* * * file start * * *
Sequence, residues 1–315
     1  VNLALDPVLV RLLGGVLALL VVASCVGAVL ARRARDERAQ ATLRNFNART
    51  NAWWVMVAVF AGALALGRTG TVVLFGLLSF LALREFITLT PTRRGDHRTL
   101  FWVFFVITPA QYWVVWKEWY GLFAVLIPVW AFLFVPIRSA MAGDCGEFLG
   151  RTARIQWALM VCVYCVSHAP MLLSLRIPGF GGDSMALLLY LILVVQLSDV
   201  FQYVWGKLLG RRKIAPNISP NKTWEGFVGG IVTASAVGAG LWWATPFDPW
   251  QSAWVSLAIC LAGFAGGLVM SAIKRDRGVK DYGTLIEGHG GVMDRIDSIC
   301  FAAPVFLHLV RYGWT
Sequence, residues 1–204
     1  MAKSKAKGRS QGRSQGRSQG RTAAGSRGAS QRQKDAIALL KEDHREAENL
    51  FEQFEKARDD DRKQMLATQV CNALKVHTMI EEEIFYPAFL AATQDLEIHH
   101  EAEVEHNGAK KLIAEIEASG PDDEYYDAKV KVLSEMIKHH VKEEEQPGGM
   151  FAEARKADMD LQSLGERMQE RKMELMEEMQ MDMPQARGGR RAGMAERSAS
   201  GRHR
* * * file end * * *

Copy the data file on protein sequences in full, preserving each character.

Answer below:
Sequence, residues 1–315
     1  VNLALDPVLV RLLGGVLALL VVASCVGAVL ARRARDERAQ ATLRNFNART
    51  NAWWVMVAVF AGALALGRTG TVVLFGLLSF LALREFITLT PTRRGDHRTL
   101  FWVFFVITPA QYWVVWKEWY GLFAVLIPVW AFLFVPIRSA MAGDCGEFLG
   151  RTARIQWALM VCVYCVSHAP MLLSLRIPGF GGDSMALLLY LILVVQLSDV
   201  FQYVWGKLLG RRKIAPNISP NKTWEGFVGG IVTASAVGAG LWWATPFDPW
   251  QSAWVSLAIC LAGFAGGLVM SAIKRDRGVK DYGTLIEGHG GVMDRIDSIC
   301  FAAPVFLHLV RYGWT
Sequence, residues 1–204
     1  MAKSKAKGRS QGRSQGRSQG RTAAGSRGAS QRQKDAIALL KEDHREAENL
    51  FEQFEKARDD DRKQMLATQV CNALKVHTMI EEEIFYPAFL AATQDLEIHH
   101  EAEVEHNGAK KLIAEIEASG PDDEYYDAKV KVLSEMIKHH VKEEEQPGGM
   151  FAEARKADMD LQSLGERMQE RKMELMEEMQ MDMPQARGGR RAGMAERSAS
   201  GRHR